I’ve written about a fair number of battles against new development, from cantilevered mountain cabins to the affordable housing development that “Stars Wars” built. None, however, are as huge — literally and figuratively — as a currently stalled construction project on the Big Island of Hawaii that’s pitted conservation-minded local activists against the stargazing scientific community.

I’m talking, of course, about the fight over the majestic Mauna Kea.

The battle over the construction of the $1.4 billion astronomical observatory that would house the Thirty Meter Telescope (TMT) isn’t a cut-and-dried NIMBY skirmish as this extremely large telescope (ELT) isn’t exactly being built in anyone’s backyard. And the TMT certainly isn't blocking any views ... or the views of any earthly beings, at least.

It is, however, being built on a dormant volcano that’s both ecologically sensitive and culturally sacred. The highest peak on the Hawaiian islands and one of the finest places on Earth to gaze directly up into the heavens, Mauna Kea is already home to an array of large astronomical instruments including13 telescopes, including the mighty twin telescopes (infrared and optical) of the W.M. Keck Observatory.

Although large astronomical installations have existed on the summit of Mauna Kea for decades, opposition to the TMT is focused on its considerable size: rising over 18 stories atop Mauna Kea, it would be — until other planned ELTs across the globe unseat it — the largest telescope in the world. The TMT project, lead by an international consortium headed by the University of California and the California Institute of Technology with an eye towards of environmental sustainability, is three times the size of the already massive (10 meter) telescopes at Keck Observatory.

Mauna Kea, Hawaii All of the volcanic peaks on Hawaii are considered sacred but none quite as sacred as Mauna Kea. (Photo: Occupy Hilo/flickr)

For opponents, enough is enough. Despite the myriad benefits to both the local economy and the international scientific community alongside promises to decommission and demolish a small handful of existing telescopes on Mauna Kea to make way for the big new arrival, many anti-telescope activists stand firm in the belief that erecting such a structure would be an act of desecration.

This week, opponents of TMT claimed a major victory when the state’s Supreme Court ruled that the construction permit issued to build the observatory is, well, no good. The project itself has been stalled since April when protesters blocked access to the build site as construction commenced, leading to a lawsuit against the telescope filed by activist groups and the just-announced decision by the Supreme Court.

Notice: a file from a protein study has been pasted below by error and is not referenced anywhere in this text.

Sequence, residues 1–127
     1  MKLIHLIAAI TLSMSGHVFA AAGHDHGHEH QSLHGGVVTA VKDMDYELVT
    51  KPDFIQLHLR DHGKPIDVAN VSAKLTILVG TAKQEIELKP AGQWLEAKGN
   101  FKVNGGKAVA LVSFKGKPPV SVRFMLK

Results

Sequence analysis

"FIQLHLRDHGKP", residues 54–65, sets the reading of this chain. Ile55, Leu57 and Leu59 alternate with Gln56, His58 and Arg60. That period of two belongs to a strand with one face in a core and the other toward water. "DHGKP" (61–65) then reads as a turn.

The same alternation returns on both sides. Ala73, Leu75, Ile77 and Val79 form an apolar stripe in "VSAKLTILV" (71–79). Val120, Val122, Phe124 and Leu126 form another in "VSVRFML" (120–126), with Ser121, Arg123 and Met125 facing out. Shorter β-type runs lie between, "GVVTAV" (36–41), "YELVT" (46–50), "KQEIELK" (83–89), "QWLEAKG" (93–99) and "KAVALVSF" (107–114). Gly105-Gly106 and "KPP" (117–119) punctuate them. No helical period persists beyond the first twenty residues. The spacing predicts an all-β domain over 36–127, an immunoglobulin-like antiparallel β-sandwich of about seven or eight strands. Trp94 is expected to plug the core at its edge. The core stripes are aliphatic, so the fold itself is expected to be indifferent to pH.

The court found that the invalidity of the permit dates back to 2011 when the Board of Land and Natural Resources issued it before allowing opponents to participate in a contested case hearing. Per the ruling: “Quite simply, the Board put the cart before the horse when it issued the permit before the request for a contested case hearing was resolved and the hearing was held."

The now-revoked permit was issued not to the consortium itself but to the University of Hawaii, which is leasing the land near the summit of Mauna Kea to the TMT. The annual rent for the 5-acre parcel is $1 million.

Mauna Kea observatories, HawaiiThe highest peak in Hawaii, Mauna Kea is already home to a number of active astronomical observatories. (Photo: Cucombre Libre/flickr)

Writes Associate Justice Richard Pollack in his concurring opinion:

The Board of Land and Natural Resources (Board) issued the University of Hawaiʻi at Hilo (UH) a permit to construct a 180-foot high astronomical observatory within a conservation district on Mauna Kea over the objections of Native Hawaiians and others, who sought a contested case hearing to fully assess the effects of the project prior to making a decision of whether to issue the permit. Instead, the Board approved the permit but included a condition that, if a contested case proceeding was initiated, then construction could not commence until the Board conducted such a hearing. The Board’s procedure of holding a contested case hearing after the permit has already been issued does not comply with our case law...nor with due process under the Hawaiʻi Constitution.

With the current construction permit rendered void by the court, the telescope project has to basically start from scratch and reapply with the Board — a process that will no doubt be drawn-out, costly and rife with further litigation.

Still, the consortium and local supporters of the project remain optimistic that, some day down the line, on-site work will once again commence. (Off-site assembly work on the telescope is reportedly moving ahead as planned). When/if completed, the new, state-of-the-art observatory will allow researchers to "study objects in our own solar system and stars throughout our Milky Way and its neighboring galaxies, and forming galaxies at the very edge of the observable Universe, near the beginning of time."

Says Harry Yang, chair of the TMT International Observatory Board of Directors, in a brief statement issued following the ruling:

We thank the Hawaii Supreme Court for the timely ruling and we respect their decision. TMT will follow the process set forth by the state, as we always have. We are assessing our next steps on the way forward. We appreciate and thank the people of Hawaii and our supporters from these last eight-plus years.

Opponents see this delay in permitting as something much bigger. Activist and hula instructor Paul Neves tells the New York Times: “In Hawaii, a delay is often a victory.”

Via [Popular Science], [NYT]

Matt Hickman ( @mattyhick ) writes about design, architecture and the intersection between the natural world and the built environment.